Compared to acrylics which are water soluble, oil paints are composed from oil and pigment, with a thicker consistency, almost like room temperature butter. Since oil paint is not made of water you cannot mix or blend it with water, instead you use a solvent to clean the brushes and thin out the paint if you wish to do so. Because oil colors are much more pigmented than acrylics, they tend to be more expensive, but due to their strong pigment you don’t need large amounts of paint, making them last rather long. Although, nowadays you can also find water-based oil paint, which you can use water with. However, I do not have much experience with those, but it seems to work just as well as the regular oil paint.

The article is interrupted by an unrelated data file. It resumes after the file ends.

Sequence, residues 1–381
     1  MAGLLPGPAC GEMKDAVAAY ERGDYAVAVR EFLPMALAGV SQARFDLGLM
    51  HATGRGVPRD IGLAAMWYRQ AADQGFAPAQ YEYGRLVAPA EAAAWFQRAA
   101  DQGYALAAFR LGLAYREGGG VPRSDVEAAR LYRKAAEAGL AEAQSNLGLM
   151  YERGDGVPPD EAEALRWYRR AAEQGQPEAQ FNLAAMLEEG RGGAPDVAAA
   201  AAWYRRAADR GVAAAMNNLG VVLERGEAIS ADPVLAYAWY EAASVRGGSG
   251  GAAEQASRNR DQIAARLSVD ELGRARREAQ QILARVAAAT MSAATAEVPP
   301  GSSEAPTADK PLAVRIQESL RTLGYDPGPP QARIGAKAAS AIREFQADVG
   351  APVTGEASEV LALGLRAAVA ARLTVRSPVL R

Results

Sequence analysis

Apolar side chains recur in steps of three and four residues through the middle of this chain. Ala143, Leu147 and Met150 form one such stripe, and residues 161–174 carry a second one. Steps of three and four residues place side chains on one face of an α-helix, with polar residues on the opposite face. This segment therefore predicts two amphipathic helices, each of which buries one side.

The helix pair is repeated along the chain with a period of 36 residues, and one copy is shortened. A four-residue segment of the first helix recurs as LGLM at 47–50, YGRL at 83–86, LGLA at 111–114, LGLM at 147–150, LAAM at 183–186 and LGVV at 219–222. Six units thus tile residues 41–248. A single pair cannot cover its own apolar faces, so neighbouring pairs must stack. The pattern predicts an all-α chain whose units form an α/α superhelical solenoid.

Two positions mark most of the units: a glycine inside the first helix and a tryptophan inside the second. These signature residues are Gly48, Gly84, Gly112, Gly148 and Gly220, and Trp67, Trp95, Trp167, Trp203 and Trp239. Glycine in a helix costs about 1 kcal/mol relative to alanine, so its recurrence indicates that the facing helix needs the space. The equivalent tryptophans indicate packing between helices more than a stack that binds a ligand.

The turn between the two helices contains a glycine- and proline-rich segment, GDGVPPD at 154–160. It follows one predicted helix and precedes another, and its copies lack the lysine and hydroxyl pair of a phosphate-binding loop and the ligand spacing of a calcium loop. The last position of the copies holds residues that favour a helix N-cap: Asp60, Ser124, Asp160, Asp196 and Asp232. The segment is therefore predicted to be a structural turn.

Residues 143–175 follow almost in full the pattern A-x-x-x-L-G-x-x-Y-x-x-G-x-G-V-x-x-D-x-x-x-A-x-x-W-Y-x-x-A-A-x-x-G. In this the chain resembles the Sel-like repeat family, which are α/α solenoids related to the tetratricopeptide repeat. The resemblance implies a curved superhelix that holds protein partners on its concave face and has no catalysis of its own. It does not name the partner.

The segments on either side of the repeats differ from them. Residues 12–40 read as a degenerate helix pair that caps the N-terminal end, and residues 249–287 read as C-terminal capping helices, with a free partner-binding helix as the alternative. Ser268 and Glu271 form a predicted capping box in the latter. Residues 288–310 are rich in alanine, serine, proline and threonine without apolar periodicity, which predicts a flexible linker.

And now to the actual painting. Don’t hesitate in the beginning, just give it a try, and trust the process. There is no wrong way to paint, but I will describe how I do it. Previously, I would directly outline the figure on a blank canvas, however I have learned that having a thin underlying base on the whole canvas in the beginning, makes the painting process a lot easier. To make the base, mix a little bit of every color on your palette (except for white, do not add it here) and you can adjust the color of the base depending on the ratio of each color. With a base covering the entire canvas, there is less of a contrast, which facilitates a clearer view of how the colors develop and blend as you add more, as opposed to starting on a completely blank canvas. Next, using thin paint, map out where you want your major shapes to be. There is no need to paint accurately at this stage. Subsequently you may add blocks of colors to the shapes you painted, giving the picture a better context in terms of light and shade. The picture at this time might look funny and you may doubt everything, but don’t give up here! From now on you should play around with the colors as you wish to refine your painting. In the picture series below, you can see the approach, unfortunately due to some time limit I did not get to finish it yet, but I hope you understand how you may approach the painting process.